You can monitor the CPU usage by launching this command in a terminal:

  top | grep gnash

And then in another terminal I launch Gnash:

  gnash --max-advance=400 --debug-fps 1 SFI003A3-logo-bitmap.swf

Once the file has finished playing you can produce a report by:

  libtool --mode=execute gprof ../gnash-source/trunk/gui/gtk-gnash > SFI003A3-logo-bitmap.profile

The path given, in this case: "../gnash-source/trunk/gui/gtk-gnash", needs to point to where you built Gnash in order to produce the report (as a relative path... I imagine absolute will work as well). The profile report will be put into the file SFI003A3-logo-bitmap.profile which you can inspect using your favorite text editor. I would recommend using nano or vim instead of gedit or other GUI-based text editors as the latter will load the entire file into RAM before displaying it. Since the file is often 10MB or so, this can take a while. nano and vim only load what they show you so they're much faster.

Returning to the terminal window where we launched "top | grep gnash", the CPU usage is the 9th column in, after the S's and R's. Averaging these numbers should give you a good indication of how much processing is required to play a particular file.

The frame rate (FPS) is output by Gnash in the terminal window where it was launched.

This procedure is then repeated for the next file. Afterward you can compare the different reports and profiles.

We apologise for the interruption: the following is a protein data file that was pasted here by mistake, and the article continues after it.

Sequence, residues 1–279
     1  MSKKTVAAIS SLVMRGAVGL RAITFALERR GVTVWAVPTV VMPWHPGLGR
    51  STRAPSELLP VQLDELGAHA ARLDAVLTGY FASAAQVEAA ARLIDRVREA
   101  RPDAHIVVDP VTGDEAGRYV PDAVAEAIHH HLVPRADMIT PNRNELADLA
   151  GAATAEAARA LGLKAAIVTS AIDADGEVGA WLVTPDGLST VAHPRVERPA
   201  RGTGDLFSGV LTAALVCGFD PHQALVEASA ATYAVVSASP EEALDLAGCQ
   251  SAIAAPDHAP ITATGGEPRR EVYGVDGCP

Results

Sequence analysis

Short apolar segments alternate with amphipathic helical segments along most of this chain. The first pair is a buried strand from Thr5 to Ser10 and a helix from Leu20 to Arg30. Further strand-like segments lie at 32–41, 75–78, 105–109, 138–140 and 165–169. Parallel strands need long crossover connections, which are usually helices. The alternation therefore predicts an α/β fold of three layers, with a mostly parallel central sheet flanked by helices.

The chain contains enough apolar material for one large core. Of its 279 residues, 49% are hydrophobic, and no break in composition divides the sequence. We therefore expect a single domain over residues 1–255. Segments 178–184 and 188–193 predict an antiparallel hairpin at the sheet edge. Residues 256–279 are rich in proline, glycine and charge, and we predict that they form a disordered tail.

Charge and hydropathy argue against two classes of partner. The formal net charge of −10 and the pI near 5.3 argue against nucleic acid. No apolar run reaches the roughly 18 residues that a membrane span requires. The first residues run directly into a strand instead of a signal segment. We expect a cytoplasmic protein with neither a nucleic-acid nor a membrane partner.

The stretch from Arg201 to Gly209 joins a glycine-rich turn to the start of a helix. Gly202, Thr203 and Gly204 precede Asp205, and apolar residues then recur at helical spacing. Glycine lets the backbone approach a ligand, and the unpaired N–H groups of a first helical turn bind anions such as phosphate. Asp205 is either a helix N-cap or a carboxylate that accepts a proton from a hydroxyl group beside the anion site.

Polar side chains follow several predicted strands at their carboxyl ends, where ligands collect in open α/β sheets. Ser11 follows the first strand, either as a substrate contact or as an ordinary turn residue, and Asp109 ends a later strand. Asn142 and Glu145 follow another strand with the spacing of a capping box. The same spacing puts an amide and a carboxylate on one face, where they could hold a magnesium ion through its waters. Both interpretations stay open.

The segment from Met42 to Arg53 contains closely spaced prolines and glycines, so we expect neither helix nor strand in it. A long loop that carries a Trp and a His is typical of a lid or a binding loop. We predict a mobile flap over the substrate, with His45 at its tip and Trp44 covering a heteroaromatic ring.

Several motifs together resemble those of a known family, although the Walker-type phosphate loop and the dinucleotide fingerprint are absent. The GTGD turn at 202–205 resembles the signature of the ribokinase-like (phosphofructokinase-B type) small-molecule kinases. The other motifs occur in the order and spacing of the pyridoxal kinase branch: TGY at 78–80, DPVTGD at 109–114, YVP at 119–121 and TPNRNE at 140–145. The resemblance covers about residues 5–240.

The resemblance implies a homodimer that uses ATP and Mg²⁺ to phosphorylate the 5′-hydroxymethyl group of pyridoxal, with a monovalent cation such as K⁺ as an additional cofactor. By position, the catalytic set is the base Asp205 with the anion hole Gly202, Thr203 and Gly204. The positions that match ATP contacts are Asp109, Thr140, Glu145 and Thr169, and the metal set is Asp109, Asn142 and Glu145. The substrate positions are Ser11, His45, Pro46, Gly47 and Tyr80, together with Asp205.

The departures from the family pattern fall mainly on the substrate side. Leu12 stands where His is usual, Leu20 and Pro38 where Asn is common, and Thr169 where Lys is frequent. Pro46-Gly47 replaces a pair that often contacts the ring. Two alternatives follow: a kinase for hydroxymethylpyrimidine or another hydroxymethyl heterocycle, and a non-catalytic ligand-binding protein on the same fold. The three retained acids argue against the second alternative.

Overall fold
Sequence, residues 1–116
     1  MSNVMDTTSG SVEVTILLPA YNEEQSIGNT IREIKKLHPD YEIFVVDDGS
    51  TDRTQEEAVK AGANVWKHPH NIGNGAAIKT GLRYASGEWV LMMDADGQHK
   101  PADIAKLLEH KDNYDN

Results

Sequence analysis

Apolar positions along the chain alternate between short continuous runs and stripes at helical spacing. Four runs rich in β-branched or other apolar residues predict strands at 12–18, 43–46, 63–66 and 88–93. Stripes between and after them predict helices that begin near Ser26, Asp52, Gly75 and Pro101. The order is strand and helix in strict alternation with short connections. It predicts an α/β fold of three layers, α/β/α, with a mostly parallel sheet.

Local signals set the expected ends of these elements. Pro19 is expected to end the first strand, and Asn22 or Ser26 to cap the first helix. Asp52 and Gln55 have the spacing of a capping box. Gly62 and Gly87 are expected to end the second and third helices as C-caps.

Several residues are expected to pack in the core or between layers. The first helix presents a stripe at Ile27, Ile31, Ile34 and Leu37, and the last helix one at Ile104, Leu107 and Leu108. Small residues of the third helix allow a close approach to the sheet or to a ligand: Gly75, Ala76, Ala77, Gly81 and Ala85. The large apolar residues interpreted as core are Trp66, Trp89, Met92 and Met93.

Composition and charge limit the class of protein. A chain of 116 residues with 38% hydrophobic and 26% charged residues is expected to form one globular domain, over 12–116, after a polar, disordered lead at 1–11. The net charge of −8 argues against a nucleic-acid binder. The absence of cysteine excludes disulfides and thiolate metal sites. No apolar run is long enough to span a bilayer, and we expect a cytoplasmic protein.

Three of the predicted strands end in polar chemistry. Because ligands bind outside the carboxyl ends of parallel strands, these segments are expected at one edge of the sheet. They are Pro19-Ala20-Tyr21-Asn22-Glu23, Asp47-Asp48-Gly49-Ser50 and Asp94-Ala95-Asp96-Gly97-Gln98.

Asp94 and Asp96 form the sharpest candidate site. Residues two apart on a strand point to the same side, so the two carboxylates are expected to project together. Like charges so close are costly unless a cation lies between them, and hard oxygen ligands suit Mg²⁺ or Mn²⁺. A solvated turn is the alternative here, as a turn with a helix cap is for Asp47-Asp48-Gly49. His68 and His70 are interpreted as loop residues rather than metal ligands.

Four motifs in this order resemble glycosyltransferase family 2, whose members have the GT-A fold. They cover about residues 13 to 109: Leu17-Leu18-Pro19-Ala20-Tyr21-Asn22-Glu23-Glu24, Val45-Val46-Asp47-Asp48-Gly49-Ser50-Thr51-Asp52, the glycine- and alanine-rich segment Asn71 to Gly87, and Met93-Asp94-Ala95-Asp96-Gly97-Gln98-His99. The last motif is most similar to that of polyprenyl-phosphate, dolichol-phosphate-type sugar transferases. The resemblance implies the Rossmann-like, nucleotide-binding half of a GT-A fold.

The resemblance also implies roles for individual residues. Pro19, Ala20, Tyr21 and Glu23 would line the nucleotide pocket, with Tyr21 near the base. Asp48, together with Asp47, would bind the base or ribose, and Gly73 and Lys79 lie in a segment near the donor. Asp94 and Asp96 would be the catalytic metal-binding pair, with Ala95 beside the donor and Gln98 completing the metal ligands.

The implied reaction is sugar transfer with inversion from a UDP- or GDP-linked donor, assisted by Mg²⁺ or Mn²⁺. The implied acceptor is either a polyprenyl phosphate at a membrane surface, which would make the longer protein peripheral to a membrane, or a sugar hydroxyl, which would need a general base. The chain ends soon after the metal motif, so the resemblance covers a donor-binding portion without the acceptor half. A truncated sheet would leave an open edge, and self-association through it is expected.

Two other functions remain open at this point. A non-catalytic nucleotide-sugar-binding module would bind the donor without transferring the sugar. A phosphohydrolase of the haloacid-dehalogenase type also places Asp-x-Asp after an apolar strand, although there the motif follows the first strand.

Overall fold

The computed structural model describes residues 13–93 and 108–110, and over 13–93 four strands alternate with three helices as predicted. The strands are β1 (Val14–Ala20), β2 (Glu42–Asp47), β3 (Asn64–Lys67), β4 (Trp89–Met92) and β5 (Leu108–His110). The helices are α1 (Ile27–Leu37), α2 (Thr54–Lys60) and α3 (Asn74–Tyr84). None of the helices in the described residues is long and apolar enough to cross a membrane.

Upon inspecting the profiles you can see that Gnash spends most of its time in the following processes:

Extract of the file SFI003A3-logo-bitmap.profile:

 Each sample counts as 0.01 seconds.
   %   cumulative   self              self     total
  time   seconds   seconds    calls   s/call   s/call  name
  27.06     50.29    50.29   318773     0.00     0.00  agg::span_image_filter_rgb_bilinear<agg::image_accessor_clone<agg::pixfmt_alpha_blend_rgb<agg::blen...
   9.19     67.36    17.07 1080996420   0.00     0.00  agg::dda2_line_interpolator::operator++()
   6.97     80.31    12.95 540498210    0.00     0.00  agg::span_interpolator_linear_subdiv<agg::trans_affine, 8u>::operator++()

The gprof output contains total time spent by the process (one of the columns of the flat profile is the cumulative time, so its last row shows the total time spent).

Extract of the file SFI003A3-logo-bitmap.profile:

 Each sample counts as 0.01 seconds.
   %   cumulative   self              self     total
  time   seconds   seconds    calls   s/call   s/call  name
  19.91      2.60     2.60   317367     0.00     0.00  agg::pixfmt_alpha_blend_rgba<agg::blender_rgba_pre<agg::rgba8, agg::order_bgra>, agg::row_accessor<unsigned char...
  18.30      4.99     2.39   317721     0.00     0.00  agg::pixfmt_alpha_blend_rgba<agg::blender_rgba_pre<agg::rgba8, agg::order_bgra>, agg::row_accessor<unsigned char...
  15.16      6.97     1.98    70348     0.00     0.00  agg::span_image_filter_rgb_bilinear<agg::image_accessor_clone<agg::pixfmt_alpha_blend_rgb<agg::blender_rgb_...

In this case, it's clear that the vector graphics render much faster than the bitmap showing Gnash has issues rendering bitmaps quickly. We can see that Gnash spent most of it's time in agg::span_image_filter_rgb_bilinear indicating that transparency is a very hard operation for Gnash to perform when there are bitmaps involved. This especially becomes noticeable when you compare the cumulative seconds involved with that of the vector version.